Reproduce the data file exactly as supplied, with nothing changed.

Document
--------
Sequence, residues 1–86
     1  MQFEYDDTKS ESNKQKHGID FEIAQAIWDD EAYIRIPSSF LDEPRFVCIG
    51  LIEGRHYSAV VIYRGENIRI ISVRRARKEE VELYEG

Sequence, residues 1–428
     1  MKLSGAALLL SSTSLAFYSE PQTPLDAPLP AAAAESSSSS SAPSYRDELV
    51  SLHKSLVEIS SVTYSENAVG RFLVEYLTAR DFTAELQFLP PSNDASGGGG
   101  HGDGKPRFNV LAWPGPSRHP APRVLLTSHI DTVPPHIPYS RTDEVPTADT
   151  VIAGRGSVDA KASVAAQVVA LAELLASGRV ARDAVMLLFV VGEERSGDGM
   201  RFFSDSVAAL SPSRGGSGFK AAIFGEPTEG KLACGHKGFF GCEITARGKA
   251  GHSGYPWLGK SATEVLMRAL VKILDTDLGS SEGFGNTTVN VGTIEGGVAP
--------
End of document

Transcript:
Sequence, residues 1–86
     1  MQFEYDDTKS ESNKQKHGID FEIAQAIWDD EAYIRIPSSF LDEPRFVCIG
    51  LIEGRHYSAV VIYRGENIRI ISVRRARKEE VELYEG

Sequence, residues 1–428
     1  MKLSGAALLL SSTSLAFYSE PQTPLDAPLP AAAAESSSSS SAPSYRDELV
    51  SLHKSLVEIS SVTYSENAVG RFLVEYLTAR DFTAELQFLP PSNDASGGGG
   101  HGDGKPRFNV LAWPGPSRHP APRVLLTSHI DTVPPHIPYS RTDEVPTADT
   151  VIAGRGSVDA KASVAAQVVA LAELLASGRV ARDAVMLLFV VGEERSGDGM
   201  RFFSDSVAAL SPSRGGSGFK AAIFGEPTEG KLACGHKGFF GCEITARGKA
   251  GHSGYPWLGK SATEVLMRAL VKILDTDLGS SEGFGNTTVN VGTIEGGVAP